The Secret to Learning a New Language – SLEEP!

We can only learn while we are awake, right?

Well, if you agree with that statement you better get ready for a major perspective shift! There are ways to use sleep, or better yet, our “sleeping mind” to learn faster and more about a new language.

First, let me tell you about a study on the correlation between sleep and learning conducted by a psychologist at the University of Notre Dame .

The psychologist separated some students who usually studied in the morning and some who usually studied at night shortly before going to sleep.

The researcher gave them the same materials and tested them on those materials at the same intervals. What she found was rather interesting…

The students who studied right before going to sleep learned more and did better when they were tested.

“Since we found that sleeping soon after learning benefited both types of memory, this means that it would be a good thing to rehearse any information you need to remember just prior to going to bed. In some sense, you may be ‘telling’ the sleeping brain what to consolidate,” the psychologist, Jessica Payne concluded about her study.

We can only learn while we are awake, right?

I’ve had a similar experience with studying from when I was in high school and college. Even though I was a straight A student, I didn’t do a whole lot of studying. Sure, I paid a lot of attention in class, but the key to my performance was how I studied rather than how much I studied. The day before a test, I would read my notes through three times. Once in the morning, once in the afternoon, and once before I went to bed. As soon as I closed my notes, I would lay down and go to sleep. Surprisingly (or maybe not), I remembered everything when test time came around, so, perhaps that last read-through right before going to sleep was the key to my good performance the next day…

With that in mind, we could certainly use this information to help our children in learning a new language. If your child is as immersed in the new language as mine is, he or she is being bombarded with the target language during the day. Babysitters, daycares, lessons and tutors surely do their part of the job, but there is no harm in adding some kind of language material to their routine right before bed.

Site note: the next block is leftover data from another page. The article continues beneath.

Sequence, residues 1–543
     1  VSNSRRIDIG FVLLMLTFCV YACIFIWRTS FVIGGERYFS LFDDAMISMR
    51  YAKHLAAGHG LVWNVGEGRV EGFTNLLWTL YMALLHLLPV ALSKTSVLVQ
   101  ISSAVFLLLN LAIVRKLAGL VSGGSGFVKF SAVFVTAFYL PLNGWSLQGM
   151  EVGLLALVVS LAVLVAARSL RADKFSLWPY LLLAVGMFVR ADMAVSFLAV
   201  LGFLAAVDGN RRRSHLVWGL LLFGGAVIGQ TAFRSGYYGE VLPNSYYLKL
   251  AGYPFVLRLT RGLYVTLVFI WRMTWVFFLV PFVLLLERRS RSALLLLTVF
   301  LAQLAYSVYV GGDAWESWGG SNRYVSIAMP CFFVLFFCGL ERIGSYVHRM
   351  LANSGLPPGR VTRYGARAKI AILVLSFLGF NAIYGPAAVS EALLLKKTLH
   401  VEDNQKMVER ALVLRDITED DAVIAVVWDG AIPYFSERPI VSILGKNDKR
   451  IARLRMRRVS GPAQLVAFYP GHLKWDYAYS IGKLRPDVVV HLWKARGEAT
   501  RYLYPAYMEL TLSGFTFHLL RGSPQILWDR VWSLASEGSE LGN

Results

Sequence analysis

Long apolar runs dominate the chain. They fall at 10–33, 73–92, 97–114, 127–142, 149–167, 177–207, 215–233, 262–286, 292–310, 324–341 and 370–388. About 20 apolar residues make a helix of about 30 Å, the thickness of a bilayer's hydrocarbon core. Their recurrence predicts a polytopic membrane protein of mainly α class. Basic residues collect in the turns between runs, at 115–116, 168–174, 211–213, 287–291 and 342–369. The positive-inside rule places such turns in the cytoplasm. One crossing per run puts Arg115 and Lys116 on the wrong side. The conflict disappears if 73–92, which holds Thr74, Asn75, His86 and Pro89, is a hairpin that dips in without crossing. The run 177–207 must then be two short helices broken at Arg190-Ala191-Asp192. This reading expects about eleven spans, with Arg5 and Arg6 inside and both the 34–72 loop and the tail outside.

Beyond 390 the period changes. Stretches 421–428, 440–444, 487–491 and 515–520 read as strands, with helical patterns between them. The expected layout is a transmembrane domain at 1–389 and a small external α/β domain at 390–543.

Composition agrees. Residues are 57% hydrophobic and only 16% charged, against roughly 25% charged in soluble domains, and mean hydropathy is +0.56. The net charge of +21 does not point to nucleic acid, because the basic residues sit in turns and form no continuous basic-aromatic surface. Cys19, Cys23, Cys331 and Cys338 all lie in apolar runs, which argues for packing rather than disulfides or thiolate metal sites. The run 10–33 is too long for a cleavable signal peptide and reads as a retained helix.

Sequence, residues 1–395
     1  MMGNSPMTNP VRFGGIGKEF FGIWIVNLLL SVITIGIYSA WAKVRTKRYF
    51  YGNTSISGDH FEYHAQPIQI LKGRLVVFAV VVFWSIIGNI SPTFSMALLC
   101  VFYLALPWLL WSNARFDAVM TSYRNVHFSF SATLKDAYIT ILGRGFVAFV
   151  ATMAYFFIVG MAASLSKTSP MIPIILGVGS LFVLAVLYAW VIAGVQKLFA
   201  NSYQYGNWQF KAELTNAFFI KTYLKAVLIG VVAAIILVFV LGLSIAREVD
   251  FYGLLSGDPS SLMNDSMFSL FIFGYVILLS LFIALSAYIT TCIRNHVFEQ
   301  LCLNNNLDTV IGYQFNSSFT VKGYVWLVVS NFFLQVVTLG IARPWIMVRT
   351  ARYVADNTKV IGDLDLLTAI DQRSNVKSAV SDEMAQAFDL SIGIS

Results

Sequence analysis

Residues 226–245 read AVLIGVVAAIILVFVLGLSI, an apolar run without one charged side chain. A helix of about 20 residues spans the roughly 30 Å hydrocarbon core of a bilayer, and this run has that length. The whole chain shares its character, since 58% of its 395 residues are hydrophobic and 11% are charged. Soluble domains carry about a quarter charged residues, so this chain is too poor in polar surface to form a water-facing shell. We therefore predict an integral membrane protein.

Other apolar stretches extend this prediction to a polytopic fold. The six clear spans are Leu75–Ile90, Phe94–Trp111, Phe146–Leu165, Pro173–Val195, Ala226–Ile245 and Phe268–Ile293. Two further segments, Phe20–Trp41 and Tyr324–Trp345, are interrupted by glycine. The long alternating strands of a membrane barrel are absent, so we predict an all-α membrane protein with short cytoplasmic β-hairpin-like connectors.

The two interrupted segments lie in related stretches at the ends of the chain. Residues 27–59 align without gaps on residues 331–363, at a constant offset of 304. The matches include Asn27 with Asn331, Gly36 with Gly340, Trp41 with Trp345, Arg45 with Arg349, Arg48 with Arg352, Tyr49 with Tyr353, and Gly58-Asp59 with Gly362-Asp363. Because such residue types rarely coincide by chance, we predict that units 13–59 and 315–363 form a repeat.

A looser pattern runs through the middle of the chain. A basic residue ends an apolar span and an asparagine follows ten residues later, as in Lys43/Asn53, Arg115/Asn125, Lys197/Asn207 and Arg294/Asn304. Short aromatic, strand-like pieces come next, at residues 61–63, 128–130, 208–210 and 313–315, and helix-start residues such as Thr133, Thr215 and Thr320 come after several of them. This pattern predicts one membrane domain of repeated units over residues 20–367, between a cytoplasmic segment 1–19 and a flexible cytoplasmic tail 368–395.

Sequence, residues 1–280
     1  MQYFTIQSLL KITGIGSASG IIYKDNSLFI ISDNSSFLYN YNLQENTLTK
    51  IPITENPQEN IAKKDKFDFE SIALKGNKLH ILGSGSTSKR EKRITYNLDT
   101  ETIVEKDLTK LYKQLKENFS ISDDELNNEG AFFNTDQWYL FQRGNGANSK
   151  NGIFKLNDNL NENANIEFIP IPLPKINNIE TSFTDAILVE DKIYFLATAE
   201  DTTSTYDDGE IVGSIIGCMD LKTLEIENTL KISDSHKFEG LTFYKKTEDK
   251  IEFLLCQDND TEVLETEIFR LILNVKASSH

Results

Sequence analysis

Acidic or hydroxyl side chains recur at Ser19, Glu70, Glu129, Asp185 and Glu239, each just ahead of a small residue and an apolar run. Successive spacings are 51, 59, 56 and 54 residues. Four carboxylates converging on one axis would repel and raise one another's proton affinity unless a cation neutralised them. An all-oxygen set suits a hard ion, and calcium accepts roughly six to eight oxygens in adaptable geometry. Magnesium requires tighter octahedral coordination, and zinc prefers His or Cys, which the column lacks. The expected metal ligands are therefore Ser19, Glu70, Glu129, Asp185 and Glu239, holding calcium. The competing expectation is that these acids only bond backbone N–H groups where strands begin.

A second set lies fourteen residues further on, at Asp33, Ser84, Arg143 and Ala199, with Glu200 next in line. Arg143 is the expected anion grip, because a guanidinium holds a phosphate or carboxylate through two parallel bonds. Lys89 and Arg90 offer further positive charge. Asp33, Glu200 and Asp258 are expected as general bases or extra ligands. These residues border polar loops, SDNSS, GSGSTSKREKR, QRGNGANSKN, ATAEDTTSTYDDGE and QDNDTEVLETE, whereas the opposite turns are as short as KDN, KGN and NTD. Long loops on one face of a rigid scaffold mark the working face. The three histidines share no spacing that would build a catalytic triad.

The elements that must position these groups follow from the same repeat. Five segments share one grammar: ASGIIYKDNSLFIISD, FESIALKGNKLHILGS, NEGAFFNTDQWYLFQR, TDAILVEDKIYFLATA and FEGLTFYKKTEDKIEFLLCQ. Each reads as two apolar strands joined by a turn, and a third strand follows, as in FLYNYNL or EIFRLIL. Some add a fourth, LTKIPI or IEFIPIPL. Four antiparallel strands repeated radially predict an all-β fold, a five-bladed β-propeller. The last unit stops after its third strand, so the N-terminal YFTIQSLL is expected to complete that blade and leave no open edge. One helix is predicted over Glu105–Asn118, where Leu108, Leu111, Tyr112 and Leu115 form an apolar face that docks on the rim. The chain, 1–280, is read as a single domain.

It can be something easy and fun like watching a YouTube video in the target language, a cartoon on Oznoz or simply have a book read in another language. If you’re like me, and feel limited in your ability to help your child practice the target language, then check out our video library. We will be rolling out a series of children’s books translated in various languages.

Here’s our first. Click the image to see The Very Hungry Caterpillar in Italian!
Stay tuned and join the newsletter at the bottom of this blog to be the first to receive a new video each week for your little one!
But, back to what you (and I can do)…

We can even go a bit further and do things while they are getting to sleep rather than right before they go to bed. For example, you can try playing nursery rhymes or some light music in the target language.

Who knows, if you make this a part of your routine and try learning along with your kid you might pick up some of the target language yourself.

To attest that the sleeping mind does have a say when it comes to learning new languages, there is a psychotherapist in France who has made a living teaching new languages through hypnosis.

Yes, hypnosis.

His name is Pascal Dilly, and he runs the “Langue sous Hypnose” (language under hypnosis ) school, a language center where he teaches 17 different languages and has been running for almost 30 years.

We can only learn while we are awake, right?

The process of learning is eerily similar to the immersion technique we’ve talked about in previous posts.

“There are two zones in the brain, which are important for learning languages: the Wernicke, which helps us to hear sounds, discriminate, understand and remember them, and the motor cortex, helping us to express ourselves. Kids learn their mother tongue by using these two zones in the brain,” is how Dilly explained his method. He uses listening, recognizing, understanding and repeating words while using hypnosis to remove any difficulties people might have in learning.

There are a few more studies you might be interested in checking out as well. One of them was conducted by the University of Washington. Researchers used the resting brain’s activity to predict how quickly people picked up a second language. This one is particularly interesting because the researchers said that the study would be useful even for the military in their selective process to choose who could learn languages quickly.

Remember to comment below with your thoughts and, if you decide to use one of these ideas, let me know about your experiences and how your child has been progressing!

As always, be sure to follow our Facebook page @our21stcenturykids for more news and tips on raising bilingual children.

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